How Democrats are handling the government shutdown

Democrats are railing against President Trump’s irresponsible behavior after the government partially shut down Saturday.

“It was unnecessary and avoidable,” Sen. Richard Blumenthal (D-CT) said, according to the Hartford Courant. “Any shutdown is unfair to the American people and there’s no excuse. I’m hopeful we’ll resolve it over the weekend.”

But the shutdown will drag on at least through Thursday, after both the Senate and the House adjourned for Christmas, leaving some 420,000 federal workers forced to work without pay. About 380,000 federal workers are furloughed.

“It doesn’t have to be this way,” Sen. Kirsten Gillibrand (D-NY) tweeted Saturday. “This administration’s constant chaos and dysfunction is embarrassing and, more importantly, harmful for the country.”

The shutdown began Saturday just after midnight, as Trump is demanding $5 billion for a wall on the country’s southern border — a wall he has long promised Mexico would pay for. Democrats have refused the request.

“At midnight last night, roughly 25 percent of the government shut down because of one person and one person alone: President Trump,” Senate Minority Leader Chuck Schumer (D-NY) said on the Senate floor Saturday. “We arrived at this moment because President Trump has been on a destructive two-week temper tantrum.”

The president, Schumer said, is “swindling the American taxpayer.” Many members of his caucus have echoed their leader since the shutdown.

“Trump wanted a #GovernmentShutdown and now he’s got it,” Sen. Bob Menendez (D-NJ) tweeted Saturday. “He can celebrate all he wants, but hundreds of thousands of unpaid and furloughed federal employees will be hurting this holiday season.”

Funding for national parks operations, homeland security, tax collection, transportation, and law enforcement have expired. The rest of the government, including the military, is funded through next September, but the longer the shutdown lasts, the more services will lose funding.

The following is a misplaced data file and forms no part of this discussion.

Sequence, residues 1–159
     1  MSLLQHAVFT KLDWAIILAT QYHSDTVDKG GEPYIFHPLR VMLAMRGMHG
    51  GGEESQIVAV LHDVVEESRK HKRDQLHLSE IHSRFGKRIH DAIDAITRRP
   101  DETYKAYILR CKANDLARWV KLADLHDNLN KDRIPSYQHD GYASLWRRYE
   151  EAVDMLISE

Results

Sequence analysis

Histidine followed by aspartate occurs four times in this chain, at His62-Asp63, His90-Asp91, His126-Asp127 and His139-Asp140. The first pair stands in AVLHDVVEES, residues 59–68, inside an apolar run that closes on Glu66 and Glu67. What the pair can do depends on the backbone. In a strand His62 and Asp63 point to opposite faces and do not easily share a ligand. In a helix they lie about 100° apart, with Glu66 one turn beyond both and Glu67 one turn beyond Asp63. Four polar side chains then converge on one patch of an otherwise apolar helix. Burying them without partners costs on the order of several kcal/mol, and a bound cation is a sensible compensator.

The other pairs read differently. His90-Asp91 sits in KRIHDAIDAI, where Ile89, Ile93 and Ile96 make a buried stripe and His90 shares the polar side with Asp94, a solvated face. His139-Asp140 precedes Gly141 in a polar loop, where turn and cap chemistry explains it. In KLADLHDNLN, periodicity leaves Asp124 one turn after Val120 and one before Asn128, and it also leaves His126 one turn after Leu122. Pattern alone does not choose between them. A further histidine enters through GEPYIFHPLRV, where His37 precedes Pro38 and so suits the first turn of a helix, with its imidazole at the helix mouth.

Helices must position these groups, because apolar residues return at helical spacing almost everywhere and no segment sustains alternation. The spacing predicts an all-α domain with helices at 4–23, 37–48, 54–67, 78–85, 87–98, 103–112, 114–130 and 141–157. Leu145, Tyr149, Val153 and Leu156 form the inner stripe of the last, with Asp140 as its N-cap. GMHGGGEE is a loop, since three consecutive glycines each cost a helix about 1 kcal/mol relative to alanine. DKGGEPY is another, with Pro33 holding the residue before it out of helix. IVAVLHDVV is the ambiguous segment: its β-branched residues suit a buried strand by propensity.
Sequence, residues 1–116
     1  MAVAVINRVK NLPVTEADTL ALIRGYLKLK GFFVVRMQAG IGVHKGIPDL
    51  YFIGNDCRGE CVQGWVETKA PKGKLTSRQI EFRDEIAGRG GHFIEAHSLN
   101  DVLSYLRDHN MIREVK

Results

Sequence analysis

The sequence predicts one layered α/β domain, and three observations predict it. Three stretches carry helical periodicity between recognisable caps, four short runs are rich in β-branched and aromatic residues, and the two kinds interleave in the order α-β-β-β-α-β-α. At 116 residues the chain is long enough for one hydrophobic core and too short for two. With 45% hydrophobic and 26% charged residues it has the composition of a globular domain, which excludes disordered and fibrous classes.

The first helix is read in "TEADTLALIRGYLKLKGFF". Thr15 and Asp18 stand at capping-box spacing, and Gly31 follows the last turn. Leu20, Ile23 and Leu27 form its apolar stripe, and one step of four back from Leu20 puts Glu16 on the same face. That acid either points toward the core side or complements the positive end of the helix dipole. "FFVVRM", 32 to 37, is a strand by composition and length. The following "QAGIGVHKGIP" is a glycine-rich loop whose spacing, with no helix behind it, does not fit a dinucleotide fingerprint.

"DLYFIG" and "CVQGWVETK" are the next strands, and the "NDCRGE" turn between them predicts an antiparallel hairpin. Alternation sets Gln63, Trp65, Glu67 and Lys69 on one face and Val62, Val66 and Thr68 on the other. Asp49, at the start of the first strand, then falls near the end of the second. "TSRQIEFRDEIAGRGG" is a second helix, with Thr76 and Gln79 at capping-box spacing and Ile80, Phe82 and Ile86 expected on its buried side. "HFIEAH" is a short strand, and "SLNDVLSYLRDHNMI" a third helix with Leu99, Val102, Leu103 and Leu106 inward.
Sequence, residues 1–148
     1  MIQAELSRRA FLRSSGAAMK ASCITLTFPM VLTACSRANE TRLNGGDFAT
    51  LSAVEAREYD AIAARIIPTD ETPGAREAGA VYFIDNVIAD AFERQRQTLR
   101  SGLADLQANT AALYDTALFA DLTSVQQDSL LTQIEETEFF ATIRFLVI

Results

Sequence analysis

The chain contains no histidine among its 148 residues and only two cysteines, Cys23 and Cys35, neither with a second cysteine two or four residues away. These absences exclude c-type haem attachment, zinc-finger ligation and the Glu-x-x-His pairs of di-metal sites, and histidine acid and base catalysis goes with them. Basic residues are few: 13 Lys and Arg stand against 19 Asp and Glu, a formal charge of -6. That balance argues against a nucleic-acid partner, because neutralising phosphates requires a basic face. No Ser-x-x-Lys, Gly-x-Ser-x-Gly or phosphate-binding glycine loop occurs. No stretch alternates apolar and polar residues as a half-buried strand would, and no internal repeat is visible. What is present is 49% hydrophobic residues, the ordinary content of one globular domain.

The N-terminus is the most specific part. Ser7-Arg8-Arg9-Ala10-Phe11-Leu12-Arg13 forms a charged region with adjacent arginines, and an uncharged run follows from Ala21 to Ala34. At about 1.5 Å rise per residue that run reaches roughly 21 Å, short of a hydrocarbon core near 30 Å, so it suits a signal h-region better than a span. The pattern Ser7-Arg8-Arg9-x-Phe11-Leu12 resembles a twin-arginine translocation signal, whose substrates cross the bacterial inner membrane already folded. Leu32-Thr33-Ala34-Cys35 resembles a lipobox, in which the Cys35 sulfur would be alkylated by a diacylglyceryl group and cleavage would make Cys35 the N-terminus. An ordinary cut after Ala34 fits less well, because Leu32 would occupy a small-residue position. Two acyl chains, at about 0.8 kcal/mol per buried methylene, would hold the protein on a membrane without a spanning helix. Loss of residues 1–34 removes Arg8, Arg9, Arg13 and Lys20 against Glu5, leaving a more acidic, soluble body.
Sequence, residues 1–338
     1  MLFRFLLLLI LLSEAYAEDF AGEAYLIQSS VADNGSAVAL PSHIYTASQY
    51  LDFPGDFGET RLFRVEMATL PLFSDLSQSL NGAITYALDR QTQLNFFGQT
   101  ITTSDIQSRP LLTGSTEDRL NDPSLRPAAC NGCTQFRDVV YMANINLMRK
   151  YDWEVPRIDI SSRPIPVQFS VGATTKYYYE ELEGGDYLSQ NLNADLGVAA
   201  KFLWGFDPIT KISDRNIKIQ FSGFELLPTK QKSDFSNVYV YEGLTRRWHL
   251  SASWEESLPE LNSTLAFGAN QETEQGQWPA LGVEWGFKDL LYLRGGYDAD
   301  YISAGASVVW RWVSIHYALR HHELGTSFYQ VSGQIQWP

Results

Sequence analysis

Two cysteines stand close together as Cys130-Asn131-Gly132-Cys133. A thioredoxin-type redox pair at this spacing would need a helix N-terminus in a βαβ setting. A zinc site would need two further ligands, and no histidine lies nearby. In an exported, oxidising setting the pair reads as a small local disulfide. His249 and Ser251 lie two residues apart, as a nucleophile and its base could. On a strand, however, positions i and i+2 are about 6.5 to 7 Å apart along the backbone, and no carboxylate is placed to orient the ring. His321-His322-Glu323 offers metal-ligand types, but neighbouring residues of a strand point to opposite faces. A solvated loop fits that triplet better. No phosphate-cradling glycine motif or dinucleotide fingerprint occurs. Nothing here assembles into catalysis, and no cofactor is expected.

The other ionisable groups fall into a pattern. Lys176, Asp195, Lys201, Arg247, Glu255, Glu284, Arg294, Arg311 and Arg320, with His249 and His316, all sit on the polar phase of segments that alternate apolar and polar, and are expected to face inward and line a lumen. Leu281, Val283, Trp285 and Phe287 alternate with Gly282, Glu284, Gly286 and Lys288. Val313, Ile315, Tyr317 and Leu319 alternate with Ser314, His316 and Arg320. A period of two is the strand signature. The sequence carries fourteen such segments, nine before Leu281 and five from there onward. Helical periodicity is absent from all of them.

Sen. Catherine Cortez Masto (D-NV) announced Saturday that she will be going without a salary during the shutdown and instead donating it to charities in her state.

“I cannot take a salary during a government shutdown knowing that so many federal workers in Nevada and across the country will go without pay,” she tweeted. “I’ll be donating my salary to a Nevada charity for every day of the Trump shutdown.”

House Democratic Whip Steny H. Hoyer (D-MD), meanwhile, said he refused to predict how the next few days will go.

“Predicting what this president is going to do is not a worthwhile enterprise,” Hoyer told the Washington Post. “I’m going to go to the Maryland basketball game this afternoon. Why? Because the Senate is negotiating. The earliest we could vote is on Monday. That’s Christmas Eve. If they had agreement today, they might end up [holding the vote] on Wednesday night.”

Trump previously vowed to “own” the shutdown.

“I will take the mantle,” Trump said during a meeting with Schumer and House Minority Leader Nancy Pelosi (D-CA) at the White House earlier this month. “I’m not going to blame you for it. The last time you shut it down, it didn’t work. I will take the mantle of shutting down, and I’m going to shut it down for border security.”

Source: thinkprogress